Violent conflict drives people into chronic poverty, as they lose assets and access to markets, and as public provision of social spending falls. Policies to reduce chronic poverty and inequality may help lessen the potential for violent conflict. Persistent poverty can be a factor in the outbreak of conflict, if it leads to increased social discontent, or if organised violence offers some of the poor a better livelihood than peace.
The chronically poor are also very often the victims of violence, especially women, children and the elderly, and people suffering ill-health or impairment. Using anti-poverty policy to prevent conflict may lead to a focus on the needs of young men, as potential combatants; but other groups should not be forgotten.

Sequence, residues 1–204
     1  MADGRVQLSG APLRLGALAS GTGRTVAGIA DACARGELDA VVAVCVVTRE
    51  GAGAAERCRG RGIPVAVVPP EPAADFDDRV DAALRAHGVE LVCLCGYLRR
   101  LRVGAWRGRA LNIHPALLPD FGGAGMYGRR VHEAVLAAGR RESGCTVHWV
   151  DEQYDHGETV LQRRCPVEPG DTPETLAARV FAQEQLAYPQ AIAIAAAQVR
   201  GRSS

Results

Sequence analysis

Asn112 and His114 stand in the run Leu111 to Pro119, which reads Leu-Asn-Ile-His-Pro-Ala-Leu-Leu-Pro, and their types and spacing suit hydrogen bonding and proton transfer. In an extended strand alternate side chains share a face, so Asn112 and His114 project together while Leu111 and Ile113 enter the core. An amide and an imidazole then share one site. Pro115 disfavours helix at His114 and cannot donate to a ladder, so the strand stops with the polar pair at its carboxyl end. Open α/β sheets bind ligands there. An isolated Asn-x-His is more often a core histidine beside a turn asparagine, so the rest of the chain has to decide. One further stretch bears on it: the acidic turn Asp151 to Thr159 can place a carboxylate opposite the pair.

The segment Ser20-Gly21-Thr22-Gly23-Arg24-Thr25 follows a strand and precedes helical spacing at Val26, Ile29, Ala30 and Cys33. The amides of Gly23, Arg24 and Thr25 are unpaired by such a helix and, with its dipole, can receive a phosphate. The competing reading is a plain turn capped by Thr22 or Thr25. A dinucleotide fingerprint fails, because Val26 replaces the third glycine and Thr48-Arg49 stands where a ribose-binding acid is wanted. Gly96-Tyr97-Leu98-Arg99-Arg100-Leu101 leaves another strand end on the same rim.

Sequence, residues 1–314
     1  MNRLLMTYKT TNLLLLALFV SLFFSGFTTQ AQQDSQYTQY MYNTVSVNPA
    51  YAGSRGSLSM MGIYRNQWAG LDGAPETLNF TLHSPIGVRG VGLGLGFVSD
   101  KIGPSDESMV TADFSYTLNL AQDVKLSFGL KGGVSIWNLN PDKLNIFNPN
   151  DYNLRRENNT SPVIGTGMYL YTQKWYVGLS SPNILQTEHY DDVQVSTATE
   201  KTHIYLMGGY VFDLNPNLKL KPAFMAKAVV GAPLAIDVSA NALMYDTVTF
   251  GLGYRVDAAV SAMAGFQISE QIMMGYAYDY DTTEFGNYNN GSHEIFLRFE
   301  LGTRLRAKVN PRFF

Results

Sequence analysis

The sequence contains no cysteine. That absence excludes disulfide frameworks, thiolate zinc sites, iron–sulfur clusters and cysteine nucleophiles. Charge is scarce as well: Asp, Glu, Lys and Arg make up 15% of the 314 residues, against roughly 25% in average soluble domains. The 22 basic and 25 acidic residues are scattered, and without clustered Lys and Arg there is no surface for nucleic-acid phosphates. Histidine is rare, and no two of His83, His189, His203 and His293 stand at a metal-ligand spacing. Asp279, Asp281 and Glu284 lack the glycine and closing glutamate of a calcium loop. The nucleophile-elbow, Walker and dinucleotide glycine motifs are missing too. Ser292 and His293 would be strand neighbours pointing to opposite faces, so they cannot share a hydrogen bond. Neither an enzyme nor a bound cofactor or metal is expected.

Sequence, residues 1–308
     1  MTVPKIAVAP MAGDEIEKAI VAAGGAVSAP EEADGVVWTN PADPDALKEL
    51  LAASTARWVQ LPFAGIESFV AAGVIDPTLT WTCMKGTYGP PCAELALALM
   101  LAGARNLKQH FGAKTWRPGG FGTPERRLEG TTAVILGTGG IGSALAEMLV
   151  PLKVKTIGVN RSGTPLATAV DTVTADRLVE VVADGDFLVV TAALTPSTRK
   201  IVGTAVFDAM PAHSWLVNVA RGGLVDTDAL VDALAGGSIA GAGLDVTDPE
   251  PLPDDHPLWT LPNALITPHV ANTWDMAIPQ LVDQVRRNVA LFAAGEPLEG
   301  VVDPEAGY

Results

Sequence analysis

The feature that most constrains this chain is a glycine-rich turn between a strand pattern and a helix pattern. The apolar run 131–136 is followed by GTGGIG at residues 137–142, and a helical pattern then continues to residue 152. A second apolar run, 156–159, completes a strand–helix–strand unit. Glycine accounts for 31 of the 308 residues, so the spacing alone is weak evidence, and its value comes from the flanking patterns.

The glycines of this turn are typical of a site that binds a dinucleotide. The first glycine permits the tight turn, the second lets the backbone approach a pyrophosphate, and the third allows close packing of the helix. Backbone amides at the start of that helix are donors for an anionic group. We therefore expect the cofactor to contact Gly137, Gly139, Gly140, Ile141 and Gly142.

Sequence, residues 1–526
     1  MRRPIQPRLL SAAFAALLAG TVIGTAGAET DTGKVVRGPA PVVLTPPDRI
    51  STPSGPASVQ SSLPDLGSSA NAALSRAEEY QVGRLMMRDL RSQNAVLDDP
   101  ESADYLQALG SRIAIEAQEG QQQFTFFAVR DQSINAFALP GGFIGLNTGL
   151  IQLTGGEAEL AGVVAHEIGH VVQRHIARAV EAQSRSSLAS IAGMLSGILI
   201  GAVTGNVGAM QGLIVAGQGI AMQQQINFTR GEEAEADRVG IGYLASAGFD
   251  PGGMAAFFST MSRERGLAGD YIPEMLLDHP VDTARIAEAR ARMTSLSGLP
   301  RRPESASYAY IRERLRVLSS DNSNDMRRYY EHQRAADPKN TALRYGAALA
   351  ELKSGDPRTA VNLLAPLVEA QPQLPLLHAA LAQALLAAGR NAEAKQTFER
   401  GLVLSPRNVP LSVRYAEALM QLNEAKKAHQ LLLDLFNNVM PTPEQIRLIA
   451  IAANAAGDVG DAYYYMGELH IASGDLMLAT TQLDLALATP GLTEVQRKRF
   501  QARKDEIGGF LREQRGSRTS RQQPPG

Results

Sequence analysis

Post-war recovery may benefit many of the poor just below the poverty line if they are able to secure and build their assets; but the chronically poor may see little in the way of recovery when they lack assets and human capital. Social protection programmes are important to help them exit poverty. Post-conflict growth can be narrow in its benefits, and post-conflict states correspondingly fragile. A good fiscal system is necessary to mobilise the revenue created by growth, convert it into pro-poor public spending, and build a social compact based on mutual obligations between citizen and state.
CPRC Policy Brief No. 7, Chronic Poverty Research Centre, London, UK, 6 pp.